There are also a few other factors adding up to the perfect storm.
1. The log4j library is used by a large number of software for logging events. This makes a large number of organizations vulnerable.
2. Logging is used in many different applications and situations. Thus, the attack can be initiated in many ways.
3. It is very easy to exploit. It just takes a simple string in a request or a message that will be logged in order to initiate the attack. It works every time, it does not require the user to click on links or misconfigure the system, and it does not require access to any internal systems.
Though the vulnerability, denoted CVE-2021-44228, was first disclosed on December 9, there are reports that it has been exploited at least since December 1. However, once disclosed, attacks increased dramatically.
The vulnerability took advantage of the Java Naming and Directory Interface (JNDI) and LDAP requests through this interface. Using JNDI, it was possible to make an LDAP request to retrieve and execute a malicious file which would then be executed on the system.
Impacts of the second vulnerability
The fix is to update to the patched 2.15.0 version, which was released already on the morning of December 10. This version removed the possibility to perform the remote code execution attack. This was achieved by restricting the LDAP lookups to localhost by default.
Still, it was soon realized that there was still an opportunity to perform a Denial-of-Service attack on certain configurations that used the 2.15.0 version. This was reported as CVE-2021-45046 on December 14. Following the disclosure of this vulnerability, a new version of the library was released, 2.16.0. This new version will disable JNDI functionality by default so that it can not be used in an attack.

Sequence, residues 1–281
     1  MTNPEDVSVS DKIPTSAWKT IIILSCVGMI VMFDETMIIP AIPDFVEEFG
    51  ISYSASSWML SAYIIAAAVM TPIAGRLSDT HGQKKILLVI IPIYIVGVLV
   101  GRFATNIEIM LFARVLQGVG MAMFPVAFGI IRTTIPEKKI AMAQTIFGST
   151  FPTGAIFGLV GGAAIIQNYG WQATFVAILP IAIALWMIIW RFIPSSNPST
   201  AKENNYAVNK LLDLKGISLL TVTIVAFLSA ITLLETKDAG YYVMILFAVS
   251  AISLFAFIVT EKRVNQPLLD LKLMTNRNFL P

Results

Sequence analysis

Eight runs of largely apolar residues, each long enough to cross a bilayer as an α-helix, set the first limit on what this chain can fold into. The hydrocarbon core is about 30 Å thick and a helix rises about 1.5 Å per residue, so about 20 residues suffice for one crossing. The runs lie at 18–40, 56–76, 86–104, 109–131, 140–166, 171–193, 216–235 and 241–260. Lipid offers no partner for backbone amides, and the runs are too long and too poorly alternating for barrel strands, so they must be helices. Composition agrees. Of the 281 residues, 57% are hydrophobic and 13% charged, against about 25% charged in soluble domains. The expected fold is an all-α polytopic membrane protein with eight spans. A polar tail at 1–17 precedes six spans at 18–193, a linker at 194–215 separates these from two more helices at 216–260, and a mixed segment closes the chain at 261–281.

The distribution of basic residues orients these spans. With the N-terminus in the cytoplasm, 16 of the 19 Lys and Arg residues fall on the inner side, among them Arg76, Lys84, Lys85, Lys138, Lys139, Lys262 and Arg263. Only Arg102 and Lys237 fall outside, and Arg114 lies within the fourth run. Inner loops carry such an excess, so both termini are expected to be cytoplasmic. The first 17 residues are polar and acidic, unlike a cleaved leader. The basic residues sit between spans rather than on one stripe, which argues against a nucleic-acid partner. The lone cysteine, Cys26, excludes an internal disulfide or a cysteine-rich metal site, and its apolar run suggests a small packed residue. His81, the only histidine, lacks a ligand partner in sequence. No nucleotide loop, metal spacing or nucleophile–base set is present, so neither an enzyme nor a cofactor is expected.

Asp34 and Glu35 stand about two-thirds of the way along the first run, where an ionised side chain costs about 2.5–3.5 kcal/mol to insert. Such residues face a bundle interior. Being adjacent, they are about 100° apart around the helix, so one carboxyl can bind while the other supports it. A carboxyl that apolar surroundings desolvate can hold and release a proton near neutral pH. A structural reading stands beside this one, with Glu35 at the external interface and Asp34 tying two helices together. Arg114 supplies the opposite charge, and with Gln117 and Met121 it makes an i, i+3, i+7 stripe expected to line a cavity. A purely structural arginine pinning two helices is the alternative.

Debricked’s fix recommendations
This new vulnerability is nowhere close to being as significant as the original vulnerability. First, it only applies to certain configurations, and second, it “only” allows a DOS-attack to be mounted on the vulnerable systems. Still, we think that there are reasons to immediately patch systems with the 2.16.0 version of log4j.
The new vulnerability should not be treated as any other low-impact vulnerability. The attention given to the original vulnerability has really put log4j on the map of libraries to keep an eye on. Exploits developed for CVE-2021-44228 can easily be modified to also exploit the new CVE-2021-45046.
In conclusion, we think that this vulnerability might also see more exploit attempts than similar vulnerabilities since log4j has the attention of the world right now.
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Update Dec 18: It has been shown that the protection offered by 2.15.0 does not restrict the CVE-2021-45046 vulnerability to only a DoS attack. As analysis of the vulnerabilities and log4j are evolving, it seems that more severe impact in the form of DNS exfiltration and remote code execution is possible. Apache subsequently changed the CVSS score from 3.7 to 9.0 for this vulnerability. Due to this, upgrading from 2.15.0 is essential.
Moreover, the 2.16.0 version that disables JNDI altogether has been shown to be vulnerable to yet another attack, that due to infinite recursion can lead to a DoS attack. This vulnerability is identified as CVE-2021-45105 and has been patched in the 2.17.0 release on Dec 18. Anyone that uses Debricked can rest assured that we have you covered. Our tool will both identify and help remediate all these vulnerabilities as soon as they are discovered and published.
Update Dec 28: Yet another vulnerability has been found. It affects the previous 2.17.0 version, and also previous versions and has the identifier CVE-2021-44832. As with the original attack, there is a possibility for remote code execution. However, for the attack to be successful, the adversary must be able to modify the logging configuration file. Thus, it is not as severe as the original attack. Debricked has identified and provided the remediation to update to the 2.17.1 version of the library.